This tournament had the potential to mean a lot of things to a lot of people - Nishikori petered out early with an injury, Dimitrov lost to an inspired Gasquet (with the loss looking better and better as he progressed through the draw), Raonic looked right at home on what should the best surface for his serve, and then promptly lost to the first person who could return it with any level of consistency. Gasquet looked like he would finally fulfill the potential of his talents, lauded on the covers of French magazines since he was 9 years old, but he too ran into the juggernaut that his Djokovic and was largely ineffective. His last victim, Stan Wawrinka, was on the verge of entering the pantheon of great players in world tennis, but he, perhaps prophetically, confirmed before the fact, that he is not at the level of those that precede him in prestige and success.
Murray was playing some of the best tennis of his career at Queens and then at Wimbledon, but even the totality of British support for him couldn't overturn the advantage that Federer has over him when it counts. It wasn't to be for him, nor his conqueror. And finally, Nick Kyrigos impressed us with the breadth of his personality, and the shallowness of his game, but in the end, he failed to leave much more of an impression than that of a petulant manchild with more bark than bite. Only time will tell if he can become something more than an Australian Monfils, and finally deliver to that country the major champion it so desperately seeks.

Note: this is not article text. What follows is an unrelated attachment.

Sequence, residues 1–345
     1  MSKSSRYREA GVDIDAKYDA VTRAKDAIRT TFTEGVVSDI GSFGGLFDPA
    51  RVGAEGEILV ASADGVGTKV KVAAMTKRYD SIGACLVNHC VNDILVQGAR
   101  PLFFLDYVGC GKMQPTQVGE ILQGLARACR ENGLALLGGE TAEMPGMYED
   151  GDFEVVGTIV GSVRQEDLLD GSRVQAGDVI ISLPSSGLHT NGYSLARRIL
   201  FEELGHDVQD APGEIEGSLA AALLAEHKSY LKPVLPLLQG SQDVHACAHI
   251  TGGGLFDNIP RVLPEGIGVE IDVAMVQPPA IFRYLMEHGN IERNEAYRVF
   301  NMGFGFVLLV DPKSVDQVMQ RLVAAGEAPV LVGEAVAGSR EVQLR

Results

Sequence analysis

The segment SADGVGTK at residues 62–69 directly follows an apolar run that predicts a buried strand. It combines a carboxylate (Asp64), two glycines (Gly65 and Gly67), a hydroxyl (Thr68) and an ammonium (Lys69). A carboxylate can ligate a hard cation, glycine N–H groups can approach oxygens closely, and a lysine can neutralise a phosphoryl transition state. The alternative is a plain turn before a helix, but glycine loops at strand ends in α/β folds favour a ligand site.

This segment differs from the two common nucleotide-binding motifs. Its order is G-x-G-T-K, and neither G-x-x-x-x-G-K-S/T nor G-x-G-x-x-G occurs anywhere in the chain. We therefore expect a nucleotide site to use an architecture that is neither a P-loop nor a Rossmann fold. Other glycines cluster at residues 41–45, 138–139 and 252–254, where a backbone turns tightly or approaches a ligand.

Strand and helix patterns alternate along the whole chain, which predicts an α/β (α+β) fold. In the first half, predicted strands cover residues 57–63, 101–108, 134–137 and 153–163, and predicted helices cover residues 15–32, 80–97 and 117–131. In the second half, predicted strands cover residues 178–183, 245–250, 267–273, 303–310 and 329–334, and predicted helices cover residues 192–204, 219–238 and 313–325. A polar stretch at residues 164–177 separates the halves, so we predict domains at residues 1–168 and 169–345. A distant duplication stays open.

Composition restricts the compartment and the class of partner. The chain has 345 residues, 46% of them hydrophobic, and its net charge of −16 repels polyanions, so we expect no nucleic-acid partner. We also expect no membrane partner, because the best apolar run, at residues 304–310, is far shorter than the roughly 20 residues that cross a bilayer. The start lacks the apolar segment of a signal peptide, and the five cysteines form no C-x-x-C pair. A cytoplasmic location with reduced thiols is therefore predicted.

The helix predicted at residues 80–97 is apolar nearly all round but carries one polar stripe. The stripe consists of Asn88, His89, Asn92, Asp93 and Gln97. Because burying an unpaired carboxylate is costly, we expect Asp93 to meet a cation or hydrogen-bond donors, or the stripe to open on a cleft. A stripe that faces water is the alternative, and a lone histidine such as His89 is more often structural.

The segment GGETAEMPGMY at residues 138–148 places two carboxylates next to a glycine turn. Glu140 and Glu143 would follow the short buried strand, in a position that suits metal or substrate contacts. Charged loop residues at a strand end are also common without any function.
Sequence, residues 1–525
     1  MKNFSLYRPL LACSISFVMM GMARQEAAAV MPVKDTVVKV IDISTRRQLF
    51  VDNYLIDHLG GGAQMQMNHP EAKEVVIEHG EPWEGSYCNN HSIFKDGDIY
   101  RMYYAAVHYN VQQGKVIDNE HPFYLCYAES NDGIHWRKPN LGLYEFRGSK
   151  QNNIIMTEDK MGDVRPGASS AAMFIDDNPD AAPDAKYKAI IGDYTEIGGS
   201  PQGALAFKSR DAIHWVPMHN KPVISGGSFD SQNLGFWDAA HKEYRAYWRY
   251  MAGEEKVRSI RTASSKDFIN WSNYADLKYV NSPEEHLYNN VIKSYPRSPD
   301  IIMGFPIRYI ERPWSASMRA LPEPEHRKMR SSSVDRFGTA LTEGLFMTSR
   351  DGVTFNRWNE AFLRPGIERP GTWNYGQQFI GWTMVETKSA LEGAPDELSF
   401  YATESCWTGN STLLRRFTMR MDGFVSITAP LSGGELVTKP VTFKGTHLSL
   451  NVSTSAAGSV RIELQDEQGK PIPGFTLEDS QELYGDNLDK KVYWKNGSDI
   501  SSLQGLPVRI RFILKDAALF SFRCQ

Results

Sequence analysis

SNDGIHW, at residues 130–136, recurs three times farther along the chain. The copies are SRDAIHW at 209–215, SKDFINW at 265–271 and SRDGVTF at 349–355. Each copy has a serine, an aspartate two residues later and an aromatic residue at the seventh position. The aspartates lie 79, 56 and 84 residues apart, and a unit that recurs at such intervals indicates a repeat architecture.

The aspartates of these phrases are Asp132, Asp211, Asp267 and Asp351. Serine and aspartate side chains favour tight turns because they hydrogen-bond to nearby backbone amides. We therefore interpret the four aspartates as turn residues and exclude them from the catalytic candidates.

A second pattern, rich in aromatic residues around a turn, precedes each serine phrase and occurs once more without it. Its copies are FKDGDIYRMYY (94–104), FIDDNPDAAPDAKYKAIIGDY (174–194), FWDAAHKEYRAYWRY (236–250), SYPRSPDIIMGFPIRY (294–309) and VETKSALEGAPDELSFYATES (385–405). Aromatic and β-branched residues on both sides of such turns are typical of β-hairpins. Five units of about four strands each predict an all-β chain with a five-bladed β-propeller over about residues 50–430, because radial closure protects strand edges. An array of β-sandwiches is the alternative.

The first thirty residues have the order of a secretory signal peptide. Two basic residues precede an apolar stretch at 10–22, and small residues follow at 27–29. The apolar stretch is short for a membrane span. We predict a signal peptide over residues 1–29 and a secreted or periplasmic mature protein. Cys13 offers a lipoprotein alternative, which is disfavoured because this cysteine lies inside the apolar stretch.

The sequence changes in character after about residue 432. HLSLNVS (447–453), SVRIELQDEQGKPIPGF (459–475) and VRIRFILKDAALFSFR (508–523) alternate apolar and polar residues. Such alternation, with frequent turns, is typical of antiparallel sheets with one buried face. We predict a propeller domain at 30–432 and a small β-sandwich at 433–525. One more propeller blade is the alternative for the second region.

Tangentially, the one area that did surprise me was the extent to which ESPN took advantage of the considerable knowledge and analytical skills of Jason Goodall, who along with Robbie Koenig, is part of the internet's most insightful analyst team in the game, and has been for the last 10 years. But with the advent of hawkeye technology and statistics, to supplement his propensity to analyze the only thing that matters in tennis - the technical - Goodall put to shame the perfunctory pseudo-psychological drivel that normally passes for analysis in the studio. All the talk about pressure and confidence and belief sounds more like the expression of their own perceptions of what they felt as players, but brings us no closer to the answers to the question that we all (should) want to know: how the hell do they do it? It could be that Goodall's long overdue inclusion at the table, and his clear prowess at it, was the only surprise this year.
So in the end, the Championships at Wimbledon 2015 had the potential to make an impression on the tennis world, but once again failed to do so, and as such we learned little from this tournament that we didn't already know. Will the US Open do the same?
I have a feeling that just like the last 5 years of that tournament, the last major of the year will turn out the last surprise of the year as well - because this one sure didn't.